The administration official who would administer any broader executive actions on immigration said Tuesday he believes President Obama has the broad legal authority to halt most deportations.
Leon Rodriguez, the new director of U.S. Citizenship and Immigration Services, said that no decisions have been made on whether or how broadly to expand Mr. Obama's non-deportation policies, but said the president can go as far as he wants.
"It is my understanding based on my experience, based on my understanding, there is pretty broad prosecutorial discretion," he told Rep. Ted Poe, Texas Republican. Mr. Poe asked if there were any limits and Mr. Rodriguez said the limits were whatever was written in the law, but couldn't identify any in the case of illegal immigrants.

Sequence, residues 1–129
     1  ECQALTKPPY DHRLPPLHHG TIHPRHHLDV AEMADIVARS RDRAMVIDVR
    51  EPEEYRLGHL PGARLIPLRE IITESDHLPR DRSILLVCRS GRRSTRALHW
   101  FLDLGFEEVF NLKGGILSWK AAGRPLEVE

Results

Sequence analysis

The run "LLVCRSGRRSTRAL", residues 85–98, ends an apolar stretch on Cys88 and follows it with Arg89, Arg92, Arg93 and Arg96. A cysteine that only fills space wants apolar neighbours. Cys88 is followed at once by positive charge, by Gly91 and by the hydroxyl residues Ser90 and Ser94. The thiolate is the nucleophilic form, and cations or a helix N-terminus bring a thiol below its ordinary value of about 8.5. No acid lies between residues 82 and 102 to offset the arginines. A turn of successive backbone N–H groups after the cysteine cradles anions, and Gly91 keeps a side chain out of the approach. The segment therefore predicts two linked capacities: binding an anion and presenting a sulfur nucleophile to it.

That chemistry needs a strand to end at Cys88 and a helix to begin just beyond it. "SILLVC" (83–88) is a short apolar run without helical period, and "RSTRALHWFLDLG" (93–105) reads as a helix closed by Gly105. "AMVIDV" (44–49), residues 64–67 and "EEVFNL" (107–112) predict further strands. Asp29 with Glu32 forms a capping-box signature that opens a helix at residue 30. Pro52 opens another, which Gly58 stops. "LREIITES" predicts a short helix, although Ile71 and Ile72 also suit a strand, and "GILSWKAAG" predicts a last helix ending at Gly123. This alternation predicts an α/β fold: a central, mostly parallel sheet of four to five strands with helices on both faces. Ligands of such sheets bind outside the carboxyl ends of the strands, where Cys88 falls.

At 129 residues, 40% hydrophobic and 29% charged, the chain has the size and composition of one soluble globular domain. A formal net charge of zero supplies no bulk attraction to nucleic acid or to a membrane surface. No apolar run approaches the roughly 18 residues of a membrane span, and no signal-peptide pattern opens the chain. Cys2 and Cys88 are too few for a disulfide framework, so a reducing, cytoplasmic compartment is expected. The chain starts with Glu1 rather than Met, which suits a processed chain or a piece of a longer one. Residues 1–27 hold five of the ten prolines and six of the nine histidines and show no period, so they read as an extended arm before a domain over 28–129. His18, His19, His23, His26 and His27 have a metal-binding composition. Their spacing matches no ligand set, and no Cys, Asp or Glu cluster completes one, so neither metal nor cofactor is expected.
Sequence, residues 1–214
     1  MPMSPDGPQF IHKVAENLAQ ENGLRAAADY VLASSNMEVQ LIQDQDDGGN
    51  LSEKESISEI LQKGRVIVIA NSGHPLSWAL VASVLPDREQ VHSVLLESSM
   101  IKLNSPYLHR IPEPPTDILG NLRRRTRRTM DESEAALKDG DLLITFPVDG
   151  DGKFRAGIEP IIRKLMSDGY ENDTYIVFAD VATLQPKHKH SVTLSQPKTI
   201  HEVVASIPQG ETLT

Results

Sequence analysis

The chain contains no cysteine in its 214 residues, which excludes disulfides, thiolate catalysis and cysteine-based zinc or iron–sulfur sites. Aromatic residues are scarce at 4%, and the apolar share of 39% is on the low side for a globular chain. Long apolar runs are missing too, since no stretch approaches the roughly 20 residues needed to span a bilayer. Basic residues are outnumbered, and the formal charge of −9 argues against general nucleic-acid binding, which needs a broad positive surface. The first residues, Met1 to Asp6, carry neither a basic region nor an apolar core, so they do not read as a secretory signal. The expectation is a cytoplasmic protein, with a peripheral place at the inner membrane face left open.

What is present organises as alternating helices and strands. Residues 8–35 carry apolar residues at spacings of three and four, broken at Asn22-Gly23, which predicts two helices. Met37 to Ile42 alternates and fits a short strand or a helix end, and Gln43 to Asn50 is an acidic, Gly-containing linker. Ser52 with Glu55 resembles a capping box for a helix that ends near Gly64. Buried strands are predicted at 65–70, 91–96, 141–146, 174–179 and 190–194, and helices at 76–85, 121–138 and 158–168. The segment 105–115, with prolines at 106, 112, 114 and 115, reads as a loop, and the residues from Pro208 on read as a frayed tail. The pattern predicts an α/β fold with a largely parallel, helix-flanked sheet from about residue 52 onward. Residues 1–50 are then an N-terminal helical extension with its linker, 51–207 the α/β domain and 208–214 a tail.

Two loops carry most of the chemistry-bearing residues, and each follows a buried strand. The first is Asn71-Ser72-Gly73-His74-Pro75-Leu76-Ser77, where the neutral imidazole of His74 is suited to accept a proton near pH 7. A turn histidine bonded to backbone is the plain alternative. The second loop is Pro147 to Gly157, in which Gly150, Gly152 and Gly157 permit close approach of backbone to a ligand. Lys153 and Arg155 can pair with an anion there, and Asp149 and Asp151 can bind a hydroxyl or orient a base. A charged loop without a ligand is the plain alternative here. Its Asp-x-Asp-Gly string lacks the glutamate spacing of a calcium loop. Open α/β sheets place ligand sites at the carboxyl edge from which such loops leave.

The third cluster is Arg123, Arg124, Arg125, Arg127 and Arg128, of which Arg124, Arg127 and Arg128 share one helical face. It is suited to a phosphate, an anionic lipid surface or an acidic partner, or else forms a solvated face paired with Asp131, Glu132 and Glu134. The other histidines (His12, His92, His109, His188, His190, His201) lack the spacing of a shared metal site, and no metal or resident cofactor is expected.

He later said that "the options are many" that the president could take.
Mr. Obama himself used to say he didn't have such broad authority, repeatedly telling immigrant-rights advocates he had to follow the law and couldn't issue broad categorical relief.
But his top officials have since backed away from that and said they do believe he has the power.
It's similar to what happened in his first term, when he said he didn't have unilateral authority to halt deportations for young adult illegal immigrants who call themselves "Dreamers," but in the months before the 2012 election he reversed course and claimed the authority to grant them tentative legal status.
Congressional Republicans are pursuing a lawsuit against Mr. Obama arguing he has failed to enforce or follow the laws Congress wrote — though the lawsuit is expected to focus on Obamacare, rather than on immigration.
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